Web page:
Hope Is Reborn in Cuba

Protests in Santiago de Cuba on July 11. (14ymedio)

14ymedio bigger14ymedio, Luis Zuñiga, Miami, August 26, 2021 —  On July 11 the Cuban people handed the communist regime a death sentence. The Miguel-Diaz government knows this and so does the exile community. The steps that both sides are taking are representative of their expectations for the immediate future of Cuba.

Diaz-Canel, the Castros’ hand-picked successor, is touring schools, gymnasia and workplaces in an attempt to raise the regime’s political profile. His words reflect the predominant mood of fear, discouragement and defeatism within the party. They knew there was a segment of the population that strongly opposed and rejected them, but they did not imagine it was so enormous or so widespread.

On the other hand, the exile community is demonstrating its optimism about the future with a conference of prominent Cuban-American businesspeople sponsored by the Assembly of the Cuban Resistance. They have committed to offering their talent, expertise and investment resources as soon as freedom and democracy are restored on the island.

These prominent businesspeople have committed to establishing a fund for the reconstruction of the Republic of Cuba that will provide “advice, credit support, financing and accounting systems to Cubans who wish to become entrepreneurs and thus develop, as soon as possible, thousands of small and medium-sized companies that will be owned by individuals and families and not by an oppressive state.”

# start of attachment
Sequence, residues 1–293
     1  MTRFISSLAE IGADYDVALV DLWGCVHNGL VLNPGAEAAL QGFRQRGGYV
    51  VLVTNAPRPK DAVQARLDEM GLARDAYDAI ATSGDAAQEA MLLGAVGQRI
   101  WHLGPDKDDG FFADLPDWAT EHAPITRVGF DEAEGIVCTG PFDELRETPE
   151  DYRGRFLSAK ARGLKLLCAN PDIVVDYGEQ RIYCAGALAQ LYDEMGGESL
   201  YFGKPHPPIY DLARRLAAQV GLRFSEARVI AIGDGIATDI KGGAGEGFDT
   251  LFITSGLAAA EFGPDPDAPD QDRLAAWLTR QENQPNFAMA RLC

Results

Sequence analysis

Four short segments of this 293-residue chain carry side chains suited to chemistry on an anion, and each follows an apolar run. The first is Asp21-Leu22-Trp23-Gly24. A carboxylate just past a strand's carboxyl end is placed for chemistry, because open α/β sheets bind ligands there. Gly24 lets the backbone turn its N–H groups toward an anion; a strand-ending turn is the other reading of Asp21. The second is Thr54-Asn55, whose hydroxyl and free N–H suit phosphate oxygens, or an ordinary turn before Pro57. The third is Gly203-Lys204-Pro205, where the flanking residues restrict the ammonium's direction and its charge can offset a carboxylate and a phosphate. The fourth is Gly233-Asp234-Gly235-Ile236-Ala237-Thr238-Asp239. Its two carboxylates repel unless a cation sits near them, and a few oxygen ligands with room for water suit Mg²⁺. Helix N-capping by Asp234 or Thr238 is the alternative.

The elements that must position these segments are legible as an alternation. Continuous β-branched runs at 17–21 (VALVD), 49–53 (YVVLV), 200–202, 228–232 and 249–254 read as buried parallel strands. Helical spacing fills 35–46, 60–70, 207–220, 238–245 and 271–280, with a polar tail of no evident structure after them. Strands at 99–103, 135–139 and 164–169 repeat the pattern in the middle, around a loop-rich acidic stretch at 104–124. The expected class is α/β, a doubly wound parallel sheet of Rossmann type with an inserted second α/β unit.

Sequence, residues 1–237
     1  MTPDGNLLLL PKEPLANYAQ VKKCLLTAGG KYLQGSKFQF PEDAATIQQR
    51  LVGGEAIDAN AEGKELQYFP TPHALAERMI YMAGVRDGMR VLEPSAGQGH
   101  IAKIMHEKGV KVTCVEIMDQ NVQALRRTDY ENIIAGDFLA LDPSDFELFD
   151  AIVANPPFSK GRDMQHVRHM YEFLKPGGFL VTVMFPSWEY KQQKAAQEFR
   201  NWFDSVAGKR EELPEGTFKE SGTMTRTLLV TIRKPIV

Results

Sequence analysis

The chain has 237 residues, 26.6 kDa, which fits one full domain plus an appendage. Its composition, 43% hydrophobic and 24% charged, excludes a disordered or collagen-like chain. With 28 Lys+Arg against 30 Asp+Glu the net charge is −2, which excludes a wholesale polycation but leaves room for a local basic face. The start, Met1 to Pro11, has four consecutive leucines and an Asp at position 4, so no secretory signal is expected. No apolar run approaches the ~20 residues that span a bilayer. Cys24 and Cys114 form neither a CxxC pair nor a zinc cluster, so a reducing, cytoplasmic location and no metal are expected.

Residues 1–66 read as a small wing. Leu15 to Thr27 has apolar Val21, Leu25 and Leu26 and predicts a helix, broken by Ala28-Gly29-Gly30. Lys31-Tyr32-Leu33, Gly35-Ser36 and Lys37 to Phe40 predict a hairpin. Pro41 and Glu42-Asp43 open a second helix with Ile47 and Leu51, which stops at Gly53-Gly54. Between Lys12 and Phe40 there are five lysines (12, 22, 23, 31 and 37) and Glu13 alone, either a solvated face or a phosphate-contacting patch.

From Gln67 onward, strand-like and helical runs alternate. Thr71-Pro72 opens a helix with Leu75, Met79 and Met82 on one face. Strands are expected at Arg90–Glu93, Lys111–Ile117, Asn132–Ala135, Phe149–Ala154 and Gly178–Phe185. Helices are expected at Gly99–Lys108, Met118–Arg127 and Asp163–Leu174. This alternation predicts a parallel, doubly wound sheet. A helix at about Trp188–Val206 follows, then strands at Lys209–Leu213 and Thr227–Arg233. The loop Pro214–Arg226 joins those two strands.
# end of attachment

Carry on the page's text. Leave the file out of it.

The obstacle preventing the Cuban economy from taking off is the communist system. The people have shown that they do not want to continue with a failed experiment that has plunged them into poverty and subjected them to oppression. Their calls during the protests were not for food or medicine but for the end of the system. Everyone knows this is the problem but the regime resists change and, once again, has resorted to the only tool it has to hold onto power: repression.

Faced with violence, the popular response being discussed on the island is a national strike to bring the country to a halt and force the dictorial leadership to resign. The opposition has demonstrated that it is in the majority and, with this majority, that it can paralyze the country’s productive and commercial activities. Faced with enormous debt, lack of credit, lack of income, and a dying economy, the regime would find it very difficult to survive.

People know that under the communist regime they will never be able to improve their lives. Nor will they be able to fulfill their dreams of becoming entrepreneurs. They know that the government’s tolerance of the private sector is simply a license granted today that will be taken away tomorrow at the whim of some official. They are also convinced that private enterprise and the market economy produce prosperity.

This is why the Miami businesspeople’s commitment to Cubans on the island is so important. It covers almost all the major sectors, including finance, banking, insurance, manufacturing, construction, energy, medicine, and even real estate and the press.

Persons and peoples are motivated to make great sacrifices, even at the risk of their freedom and life, when the goal is the happiness, well-being and security of their families. Those are the desires that have always moved humanity to undertake social and political struggles to achieve a better life. Today these desires are in the hopes and minds of millions of Cubans on the island who already know there is a better future awaiting them.


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